For the APS fishos, my first marlin of port stephens.

Discussion in 'Chit Chat' started by Venomous1111, Mar 11, 2013.

Thread Status:
Not open for further replies.
  1. dangles

    dangles Well-Known Member

    Joined:
    Apr 2, 2010
    Messages:
    984
    Likes Received:
    0
    Location:
    Crimebrook
    Nice catch, theres been an abundance of small ( to 100kgs) marlin of all variety caught within 5 kms of land this year. 1 young angler I know reeled in 3 in 2 hours then others on same boat pulled another 2. Only fish kept was the young blokes first.


    A 1m plus kingie is the mark im chasing
     
  2. Ramsayi

    Ramsayi Very Well-Known Member APS Veteran

    Joined:
    Dec 19, 2003
    Messages:
    4,788
    Likes Received:
    73
    Location:
    Sydney
    Bit of an over reaction don't you think? Didn't read any hate as such just a few people who have a different opinion.I've caught a few marlin over the years and have always tagged and released as I couldn't bring myself to killing such an impressive beast.
     
  3. reb01

    reb01 Suspended Banned

    Joined:
    Oct 16, 2012
    Messages:
    239
    Likes Received:
    0
    Location:
    Port Stephens NSW
    There were quiet a few caught over this weekend...The amount of expensive game boats was mindblowing..Top catch venomous1111 ...
     
  4. Venomous1111

    Venomous1111 Well-Known Member

    Joined:
    Feb 13, 2012
    Messages:
    586
    Likes Received:
    1
    Location:
    Sydney
    Cheers mate. I'm also chasing the 1m plus king. My pb is 91cm jigging at 12 mile of Sydney. Hopefully heading over to NZ at the end of the year to hit up a charter with nomad or enchanter to hit either three kings or the ranfurly banks to chase some serious kings, hapuka and bass.
     
  5. dangles

    dangles Well-Known Member

    Joined:
    Apr 2, 2010
    Messages:
    984
    Likes Received:
    0
    Location:
    Crimebrook
    My pb is 87 inside middle harbour on live squid. Would like to hit the 1m mark in nsw. NZ is cheating!!!!!!!!!
     
  6. Venomous1111

    Venomous1111 Well-Known Member

    Joined:
    Feb 13, 2012
    Messages:
    586
    Likes Received:
    1
    Location:
    Sydney
    If only we got 30kg+ kings regularly here in Sydney.
     
  7. Wing_Nut

    Wing_Nut Well-Known Member

    Joined:
    Dec 11, 2012
    Messages:
    310
    Likes Received:
    0
    Location:
    WA
    I have researched the commercial fishing in my area as well as donated considerable time and resources to assisting fisheries in research initiatives to help develop a better understanding of my local fishery as well as others in Western Australia. I have fished in almost every part of Australia as a recreational fisher, as well as limited involvement in commercial fishing. I am a avid sports fisher, and I advocate recreational fishing. I have involved myself in the political side of fisheries management.

    I am not 'hating' on Venomous for keeping his first marlin. That would be a total waste of my time and energy. I advocate catch and release on a great many species. The information that lead to the ban on commercial fishing of marlin species indicated a serious decline in the populations of those species and was also a turning point in game fishing in Australia that lead to the general consensus that the marlin species should be caught and released.

    Striped marlin are one of the fastest growing of the marlin species and if this was an isolated case then you could quite well be correct in your statement that one fish has no real effect on the population as a whole. If Australia wide all fishers kept there first marlin then it would have a negative effect on the species as a whole.

    Even over the last 15 years there has been a marked decline in the number of marlin caught in fishing competitions and research. In the mid 90's the top boats would often tag and release triple what they record now.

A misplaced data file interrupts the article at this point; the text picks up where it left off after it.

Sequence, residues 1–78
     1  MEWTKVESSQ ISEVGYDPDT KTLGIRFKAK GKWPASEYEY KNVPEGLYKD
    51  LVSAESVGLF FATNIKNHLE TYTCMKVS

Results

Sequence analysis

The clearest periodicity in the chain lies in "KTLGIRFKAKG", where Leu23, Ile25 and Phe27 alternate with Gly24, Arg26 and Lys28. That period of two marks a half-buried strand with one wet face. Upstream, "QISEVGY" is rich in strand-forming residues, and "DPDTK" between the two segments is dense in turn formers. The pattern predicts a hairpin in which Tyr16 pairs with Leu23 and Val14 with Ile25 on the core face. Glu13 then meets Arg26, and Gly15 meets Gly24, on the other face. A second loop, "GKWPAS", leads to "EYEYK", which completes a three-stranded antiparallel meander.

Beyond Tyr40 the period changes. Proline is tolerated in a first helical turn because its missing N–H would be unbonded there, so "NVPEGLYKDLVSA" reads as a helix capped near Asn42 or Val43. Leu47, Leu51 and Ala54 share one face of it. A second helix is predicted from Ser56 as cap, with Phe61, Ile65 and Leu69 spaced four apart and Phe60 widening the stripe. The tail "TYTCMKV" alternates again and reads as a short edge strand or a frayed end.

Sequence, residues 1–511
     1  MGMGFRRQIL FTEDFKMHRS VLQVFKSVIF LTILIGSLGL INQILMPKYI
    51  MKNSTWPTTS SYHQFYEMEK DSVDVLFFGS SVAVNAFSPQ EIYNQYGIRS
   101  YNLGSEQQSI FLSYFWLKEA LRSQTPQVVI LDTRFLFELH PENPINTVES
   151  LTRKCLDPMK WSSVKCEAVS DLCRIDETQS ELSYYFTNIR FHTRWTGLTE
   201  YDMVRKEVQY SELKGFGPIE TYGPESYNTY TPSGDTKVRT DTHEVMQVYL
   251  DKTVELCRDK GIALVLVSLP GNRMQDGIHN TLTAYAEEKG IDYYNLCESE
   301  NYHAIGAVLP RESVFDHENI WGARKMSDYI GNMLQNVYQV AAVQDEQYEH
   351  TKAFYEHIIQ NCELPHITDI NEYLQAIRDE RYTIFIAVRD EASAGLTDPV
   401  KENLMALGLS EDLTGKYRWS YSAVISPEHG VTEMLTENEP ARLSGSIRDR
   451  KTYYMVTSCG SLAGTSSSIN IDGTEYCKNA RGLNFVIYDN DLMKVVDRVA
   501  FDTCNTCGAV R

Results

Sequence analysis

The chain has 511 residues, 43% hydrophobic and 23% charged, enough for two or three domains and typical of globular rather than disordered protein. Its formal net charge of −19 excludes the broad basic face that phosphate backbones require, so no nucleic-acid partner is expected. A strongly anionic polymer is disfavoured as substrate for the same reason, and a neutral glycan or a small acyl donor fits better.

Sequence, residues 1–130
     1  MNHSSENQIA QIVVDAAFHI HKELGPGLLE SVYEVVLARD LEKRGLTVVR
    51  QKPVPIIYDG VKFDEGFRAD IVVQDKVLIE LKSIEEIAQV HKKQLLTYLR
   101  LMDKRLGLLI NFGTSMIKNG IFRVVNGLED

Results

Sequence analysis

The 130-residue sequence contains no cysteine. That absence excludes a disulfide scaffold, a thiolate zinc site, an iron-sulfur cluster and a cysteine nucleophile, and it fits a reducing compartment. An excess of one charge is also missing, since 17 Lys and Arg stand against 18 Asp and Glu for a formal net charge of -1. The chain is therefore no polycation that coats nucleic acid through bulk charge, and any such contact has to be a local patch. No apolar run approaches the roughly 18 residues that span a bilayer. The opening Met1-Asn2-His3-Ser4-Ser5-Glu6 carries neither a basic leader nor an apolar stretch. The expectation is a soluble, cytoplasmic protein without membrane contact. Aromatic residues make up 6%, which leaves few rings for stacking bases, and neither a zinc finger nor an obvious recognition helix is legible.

This capture was a good first fish and a reward for an obvious dedicated effort. I am not taking away from that. I simply advocate catch and release of this species.

    Regards

    Wing_Nut
     
  8. Mojo_3

    Mojo_3 New Member

    Joined:
    Nov 26, 2011
    Messages:
    12
    Likes Received:
    0
    Maybe stating "haters" was an overreaction, I can accept that reading back through the posts I see that there a some valid points and opinions, I guess that they are just that. I have done my fair share of research, tag and release,time on long lineres as a spectator and also agree that they are an "impressive beast" Ive seen plenty of Black and Blue marlin come up on a long line that are dead and cut off to sink to the bottom, Divide that by how many commercial boats are out there. Commercial fishers are the ones who are obviously raping the ocean for what its worth, Not recreational fisherman. It was just my opinion that if you are to put in the dedicated time, effort and do happen to get the reward then it really is your decision... I kept my first, and tagged plenty after that,and I will continue to tag.
     
  9. Magpie

    Magpie Almost Legendary

    Joined:
    Jan 24, 2003
    Messages:
    5,954
    Likes Received:
    0
    Location:
    Canadia
    So how many people in Australia you reckon catch their first stripey in a year? 1000?
    If the fishery is that fragile that taking 1000 fish out of it a year is going to cause problems, the fishery should be totally shut down, not even C&R allowed. Even the best C&R practise has some mortality associated.
     
  10. Wing_Nut

    Wing_Nut Well-Known Member

    Joined:
    Dec 11, 2012
    Messages:
    310
    Likes Received:
    0
    Location:
    WA
    There is no complete data recorded on this. It is estimated in NSW the recreation harvest of Stripped Marlin is could be as high as 45t annually. Game fishing associations record around 1000 tag and release fish annually in NSW of which research indicates less than a 10% mortality rate. The Australian national total for Recreational harvest is estimated at 200t. Approximately one third of this catch would be expected to be females of breeding size. Given that the species is targeted in well policed and protected waters (legally), these have become a sanctuary for the fish and a buffer against international fishing pressures in the region. The catch and release policy that most anglers have adopted has taken these factors into consideration.